The speaker's most valuable possession is personality—that indefinable, imponderable something which sums up what we are, and makes us different from others; that distinctive force of self which operates appreciably on those whose lives we touch. It is personality alone that makes us long for higher things. Rob us of our sense of individual life, with its gains and losses, its duties and joys, and we grovel. "Few human creatures," says John Stuart Mill, "would consent to be changed into any of the lower animals for a promise of the fullest allowance of a beast's pleasures; no intelligent human being would consent to be a fool, no instructed person would be an ignoramus, no person of feeling and conscience would be selfish and base, even though he should be persuaded that the fool, or the dunce, or the rascal is better satisfied with his lot than they with theirs.... It is better to be a human being dissatisfied than a pig satisfied, better to be a Socrates dissatisfied than a fool satisfied. And if the fool or the pig is of a different opinion, it is only because they know only their own side of the question. The other party to the comparison knows both sides." Now it is precisely because the Socrates type of person lives on the plan of right thinking and restrained feeling and willing that he prefers his state to that of the animal. All that a man is, all his happiness, his sorrow, his achievements, his failures, his magnetism, his weakness, all are in an amazingly large measure the direct results of his thinking. Thought and heart combine to produce right thinking: "As a man thinketh in his heart so is he." As he does not think in his heart so he can never become.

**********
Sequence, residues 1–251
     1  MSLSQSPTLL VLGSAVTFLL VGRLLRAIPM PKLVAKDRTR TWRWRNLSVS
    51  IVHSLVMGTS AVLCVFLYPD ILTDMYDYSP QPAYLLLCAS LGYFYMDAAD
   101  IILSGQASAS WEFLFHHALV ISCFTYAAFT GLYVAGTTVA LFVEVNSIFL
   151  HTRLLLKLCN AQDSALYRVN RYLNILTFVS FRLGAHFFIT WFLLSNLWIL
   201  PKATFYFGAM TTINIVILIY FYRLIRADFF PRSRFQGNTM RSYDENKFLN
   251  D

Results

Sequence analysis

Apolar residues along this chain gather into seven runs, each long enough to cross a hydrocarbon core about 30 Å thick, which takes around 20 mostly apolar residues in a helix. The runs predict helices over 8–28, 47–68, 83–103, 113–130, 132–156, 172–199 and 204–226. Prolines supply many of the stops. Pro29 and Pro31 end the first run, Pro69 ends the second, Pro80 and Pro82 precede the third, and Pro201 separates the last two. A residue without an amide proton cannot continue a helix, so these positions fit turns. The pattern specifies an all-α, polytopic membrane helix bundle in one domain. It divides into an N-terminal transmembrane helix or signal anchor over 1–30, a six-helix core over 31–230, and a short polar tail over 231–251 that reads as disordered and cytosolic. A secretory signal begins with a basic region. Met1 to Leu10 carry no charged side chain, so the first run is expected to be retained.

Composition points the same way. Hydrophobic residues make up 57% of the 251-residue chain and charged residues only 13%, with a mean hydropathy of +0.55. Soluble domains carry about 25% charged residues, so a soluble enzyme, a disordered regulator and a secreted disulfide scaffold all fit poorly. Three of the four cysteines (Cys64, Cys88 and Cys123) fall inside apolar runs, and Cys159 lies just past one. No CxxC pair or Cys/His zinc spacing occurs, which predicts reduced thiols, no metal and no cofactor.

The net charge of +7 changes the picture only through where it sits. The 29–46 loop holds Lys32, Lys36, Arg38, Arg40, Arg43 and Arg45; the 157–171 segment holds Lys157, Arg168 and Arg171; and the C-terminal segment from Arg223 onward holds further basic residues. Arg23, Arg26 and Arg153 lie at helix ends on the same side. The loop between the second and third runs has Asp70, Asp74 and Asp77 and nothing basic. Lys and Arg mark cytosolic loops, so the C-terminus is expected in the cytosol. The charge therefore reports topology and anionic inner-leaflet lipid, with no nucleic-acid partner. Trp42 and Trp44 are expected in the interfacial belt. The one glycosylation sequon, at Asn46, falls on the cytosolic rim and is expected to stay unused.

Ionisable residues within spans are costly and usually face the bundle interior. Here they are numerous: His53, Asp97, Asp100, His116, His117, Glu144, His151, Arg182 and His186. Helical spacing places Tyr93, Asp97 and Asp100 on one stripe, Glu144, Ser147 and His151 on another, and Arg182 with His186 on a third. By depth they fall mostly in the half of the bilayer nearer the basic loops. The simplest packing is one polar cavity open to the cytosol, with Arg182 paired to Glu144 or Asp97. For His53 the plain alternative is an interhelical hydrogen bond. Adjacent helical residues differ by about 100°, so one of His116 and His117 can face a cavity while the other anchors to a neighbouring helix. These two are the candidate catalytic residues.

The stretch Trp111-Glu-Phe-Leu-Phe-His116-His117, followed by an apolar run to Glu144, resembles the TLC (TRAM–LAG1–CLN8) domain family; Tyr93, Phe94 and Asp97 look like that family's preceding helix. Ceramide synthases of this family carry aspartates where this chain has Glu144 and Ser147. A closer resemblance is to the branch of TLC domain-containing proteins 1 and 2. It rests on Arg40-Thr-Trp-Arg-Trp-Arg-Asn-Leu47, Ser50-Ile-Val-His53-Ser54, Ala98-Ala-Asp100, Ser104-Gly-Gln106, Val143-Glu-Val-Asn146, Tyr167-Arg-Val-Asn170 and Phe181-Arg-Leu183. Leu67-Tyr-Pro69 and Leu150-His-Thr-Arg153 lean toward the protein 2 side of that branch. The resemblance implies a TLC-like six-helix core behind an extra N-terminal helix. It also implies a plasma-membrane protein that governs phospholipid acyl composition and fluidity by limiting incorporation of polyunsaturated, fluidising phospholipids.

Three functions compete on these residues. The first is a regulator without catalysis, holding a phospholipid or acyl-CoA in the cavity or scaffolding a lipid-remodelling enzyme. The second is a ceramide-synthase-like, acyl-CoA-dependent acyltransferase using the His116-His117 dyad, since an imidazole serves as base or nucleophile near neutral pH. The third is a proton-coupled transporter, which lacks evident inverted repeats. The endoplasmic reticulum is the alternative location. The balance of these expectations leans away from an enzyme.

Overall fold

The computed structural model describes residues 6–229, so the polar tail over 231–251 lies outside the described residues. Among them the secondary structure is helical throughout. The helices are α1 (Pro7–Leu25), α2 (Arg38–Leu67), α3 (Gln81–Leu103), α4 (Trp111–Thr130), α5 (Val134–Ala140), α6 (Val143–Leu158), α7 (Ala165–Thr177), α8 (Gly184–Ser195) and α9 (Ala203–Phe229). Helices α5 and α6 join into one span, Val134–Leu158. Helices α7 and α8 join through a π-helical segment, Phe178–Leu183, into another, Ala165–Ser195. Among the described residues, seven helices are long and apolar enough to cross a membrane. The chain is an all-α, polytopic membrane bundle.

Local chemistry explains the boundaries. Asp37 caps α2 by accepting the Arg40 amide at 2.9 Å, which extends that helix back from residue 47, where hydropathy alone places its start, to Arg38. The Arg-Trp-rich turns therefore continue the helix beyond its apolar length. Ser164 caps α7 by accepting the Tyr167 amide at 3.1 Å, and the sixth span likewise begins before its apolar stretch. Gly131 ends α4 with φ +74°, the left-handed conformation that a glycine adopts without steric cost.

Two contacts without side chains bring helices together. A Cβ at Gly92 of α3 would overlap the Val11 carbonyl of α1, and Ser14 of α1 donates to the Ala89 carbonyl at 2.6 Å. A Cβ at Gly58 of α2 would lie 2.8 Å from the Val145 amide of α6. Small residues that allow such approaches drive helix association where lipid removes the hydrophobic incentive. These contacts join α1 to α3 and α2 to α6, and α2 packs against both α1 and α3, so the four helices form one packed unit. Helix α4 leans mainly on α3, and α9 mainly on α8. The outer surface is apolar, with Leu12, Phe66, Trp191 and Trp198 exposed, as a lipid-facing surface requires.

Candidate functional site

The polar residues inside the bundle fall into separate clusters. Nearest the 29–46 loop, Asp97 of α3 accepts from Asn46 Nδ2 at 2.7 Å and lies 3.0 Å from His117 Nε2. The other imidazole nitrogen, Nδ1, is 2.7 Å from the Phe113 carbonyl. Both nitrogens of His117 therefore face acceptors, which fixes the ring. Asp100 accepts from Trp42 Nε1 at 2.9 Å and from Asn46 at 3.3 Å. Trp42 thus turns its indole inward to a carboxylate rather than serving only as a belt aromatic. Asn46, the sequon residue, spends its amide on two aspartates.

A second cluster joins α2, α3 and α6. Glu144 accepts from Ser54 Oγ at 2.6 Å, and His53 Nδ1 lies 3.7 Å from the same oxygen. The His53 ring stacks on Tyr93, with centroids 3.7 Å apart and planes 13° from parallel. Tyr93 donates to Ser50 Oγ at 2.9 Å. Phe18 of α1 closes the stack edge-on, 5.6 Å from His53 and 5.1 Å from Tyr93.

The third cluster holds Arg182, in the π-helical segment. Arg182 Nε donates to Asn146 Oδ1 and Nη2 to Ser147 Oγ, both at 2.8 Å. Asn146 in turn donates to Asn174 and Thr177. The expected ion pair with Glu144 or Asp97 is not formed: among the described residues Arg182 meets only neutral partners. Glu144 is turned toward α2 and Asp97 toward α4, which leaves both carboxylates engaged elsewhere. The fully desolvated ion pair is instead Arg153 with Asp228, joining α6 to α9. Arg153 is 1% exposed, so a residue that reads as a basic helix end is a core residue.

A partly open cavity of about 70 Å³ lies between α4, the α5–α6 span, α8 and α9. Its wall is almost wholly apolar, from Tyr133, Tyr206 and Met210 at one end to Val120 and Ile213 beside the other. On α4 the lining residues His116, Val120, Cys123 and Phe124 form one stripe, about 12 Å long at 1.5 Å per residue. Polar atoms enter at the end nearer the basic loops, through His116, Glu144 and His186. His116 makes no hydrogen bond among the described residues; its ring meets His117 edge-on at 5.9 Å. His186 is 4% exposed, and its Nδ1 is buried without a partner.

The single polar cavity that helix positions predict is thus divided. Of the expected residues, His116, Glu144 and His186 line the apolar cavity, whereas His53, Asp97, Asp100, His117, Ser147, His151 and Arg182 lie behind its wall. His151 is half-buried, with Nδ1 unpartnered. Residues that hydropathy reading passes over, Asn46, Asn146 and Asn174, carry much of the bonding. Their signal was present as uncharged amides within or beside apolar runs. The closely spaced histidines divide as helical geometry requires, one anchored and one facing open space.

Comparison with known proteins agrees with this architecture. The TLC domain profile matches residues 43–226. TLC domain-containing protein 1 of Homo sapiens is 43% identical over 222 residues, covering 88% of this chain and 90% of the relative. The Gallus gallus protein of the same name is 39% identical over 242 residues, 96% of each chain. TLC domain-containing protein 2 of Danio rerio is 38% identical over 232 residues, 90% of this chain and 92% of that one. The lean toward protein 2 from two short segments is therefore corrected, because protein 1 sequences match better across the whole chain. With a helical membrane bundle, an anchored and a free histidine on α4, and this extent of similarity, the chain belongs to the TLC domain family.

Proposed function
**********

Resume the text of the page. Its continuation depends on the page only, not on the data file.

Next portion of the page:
Since this is true, personality can be developed and its latent powers brought out by careful cultivation. We have long since ceased to believe that we are living in a realm of chance. So clear and exact are nature's laws that we forecast, scores of years in advance, the appearance of a certain comet and foretell to the minute an eclipse of the Sun. And we understand this law of cause and effect in all our material realms. We do not plant potatoes and expect to pluck hyacinths. The law is universal: it applies to our mental powers, to morality, to personality, quite as much as to the heavenly bodies and the grain of the fields. "Whatsoever a man soweth that shall he also reap," and nothing else.